What is Seasonal Affective Disorder (SAD)
What is Seasonal Affective Disorder (SAD)

Depression-like symptoms associated with the winter season are sometimes characterized as Seasonal Affective Disorder, also known as SAD. According to the National Institute of Mental Health, women are twice as likely as men to suffer from SAD. Telepsychiatry has been successfully used in the diagnosis and treatment of the condition.

SAD Symptoms

If you find your mood sinking as the temperature drops in late fall, you might suffer from SAD. While the condition can coexist with major depression, you may feel significantly better when the weather warms up.

These additional symptoms might apply to you as well:

  • Lethargic or tired all of the time
  • Grouchy
  • Weight gain, sometimes accompanied by carbohydrate cravings
  • Withdrawal from social events; hibernation

Summer-onset SAD occurs in a small subset of the population. The conditions are somewhat reversed from the winter, with anxiety and excessive energy topping the list. Insomnia, agitation and restlessness mark this form of the disorder. Violent outbreaks sometimes occur if the condition goes untreated.

SAD Causes

While being a woman increases the chance you will experience SAD, so does your age. Younger people and people with a family history containing forms of depression, including bipolar disorder, are more at risk.

Your biological clock might experience disruptions due to reduced sunlight exposure. Poorly regulated levels of serotonin and melatonin are also indicated as contributing factors. Low levels of vitamin D can also exacerbate the disorder according to NIMH.

Shortened days in the winter can contribute, which means those who live farther from the equator experience greater risks than folks who reside in tropical zones.

SAD Treatments

The good news is that the disorder is treatable. During a traditional visit or a telepsychiatry session, you can work with your practitioner to develop a comprehensive plan so you can start feeling better soon.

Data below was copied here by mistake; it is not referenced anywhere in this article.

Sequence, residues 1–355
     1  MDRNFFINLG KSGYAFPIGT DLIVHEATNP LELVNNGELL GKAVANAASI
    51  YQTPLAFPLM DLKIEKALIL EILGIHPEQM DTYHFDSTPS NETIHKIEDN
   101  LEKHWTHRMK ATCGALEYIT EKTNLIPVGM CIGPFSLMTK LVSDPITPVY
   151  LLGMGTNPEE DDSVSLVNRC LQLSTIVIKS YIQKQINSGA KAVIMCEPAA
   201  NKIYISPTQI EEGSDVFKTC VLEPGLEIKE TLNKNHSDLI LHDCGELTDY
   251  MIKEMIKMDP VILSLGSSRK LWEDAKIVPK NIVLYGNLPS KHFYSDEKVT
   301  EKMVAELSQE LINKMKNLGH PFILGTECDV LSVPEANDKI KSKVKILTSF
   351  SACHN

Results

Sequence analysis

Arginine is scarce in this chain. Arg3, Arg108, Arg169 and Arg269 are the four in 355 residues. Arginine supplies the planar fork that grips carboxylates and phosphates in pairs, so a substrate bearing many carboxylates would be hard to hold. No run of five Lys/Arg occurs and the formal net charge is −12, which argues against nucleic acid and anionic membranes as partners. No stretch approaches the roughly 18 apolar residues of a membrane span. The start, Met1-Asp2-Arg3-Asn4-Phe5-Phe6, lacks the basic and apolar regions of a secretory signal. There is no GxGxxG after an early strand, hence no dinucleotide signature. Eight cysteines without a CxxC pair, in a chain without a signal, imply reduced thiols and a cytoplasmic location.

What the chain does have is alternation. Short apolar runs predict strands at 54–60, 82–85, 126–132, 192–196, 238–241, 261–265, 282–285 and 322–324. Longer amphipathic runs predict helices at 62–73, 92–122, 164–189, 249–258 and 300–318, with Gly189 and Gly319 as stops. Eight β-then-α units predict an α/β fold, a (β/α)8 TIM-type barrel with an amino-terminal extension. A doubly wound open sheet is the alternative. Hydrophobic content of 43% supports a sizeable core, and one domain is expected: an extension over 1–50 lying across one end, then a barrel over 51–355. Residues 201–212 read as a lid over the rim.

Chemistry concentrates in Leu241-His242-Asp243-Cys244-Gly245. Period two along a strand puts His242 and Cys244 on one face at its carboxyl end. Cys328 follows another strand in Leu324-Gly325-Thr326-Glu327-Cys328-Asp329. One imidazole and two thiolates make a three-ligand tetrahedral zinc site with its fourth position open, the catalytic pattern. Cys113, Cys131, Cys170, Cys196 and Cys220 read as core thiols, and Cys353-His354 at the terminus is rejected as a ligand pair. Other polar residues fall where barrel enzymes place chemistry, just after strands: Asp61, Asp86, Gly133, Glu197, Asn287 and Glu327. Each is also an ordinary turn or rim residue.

Due to the many factors that can contribute to SAD, it is best to approach treatment from multiple angles. For instance, light therapy is one of the most recommended for SAD patients. Proper light exposure can help people, whether or not they are near the equator.

Exposure to natural light and light therapy boxes in the early morning are both effective for improving vitamin D levels and hormone regulation. When utilizing a therapy box, it is important to understand the different models and to choose the correct one for your needs. Speak with your provider to find out which features and specs you need to check out.

Medication, such as selective serotonin reuptake inhibitors, SSRIs, can be used to blunt the worst symptoms of the condition while other treatment protocols are being used. While it can help, it is not a permanent solution. Only a qualified medical doctor can determine if this or another type of anti-depressant is appropriate.

Talk therapy, also known as psychotherapy, can be done in an office setting. This form of treatment also lends itself well to telepsychiatry, which gives you the option to discuss your feelings and work out treatment plans from the comfort of your home. For those with extreme anxiety regarding leaving the home, this can be quite beneficial.

Boost your mental and physical health by consuming plenty of fresh produce, whole grains and healthy proteins. Along with daily exercise and your SAD treatment protocol, you will be well on your way toward turning the tide on your disorder. You deserve to feel like yourself again!

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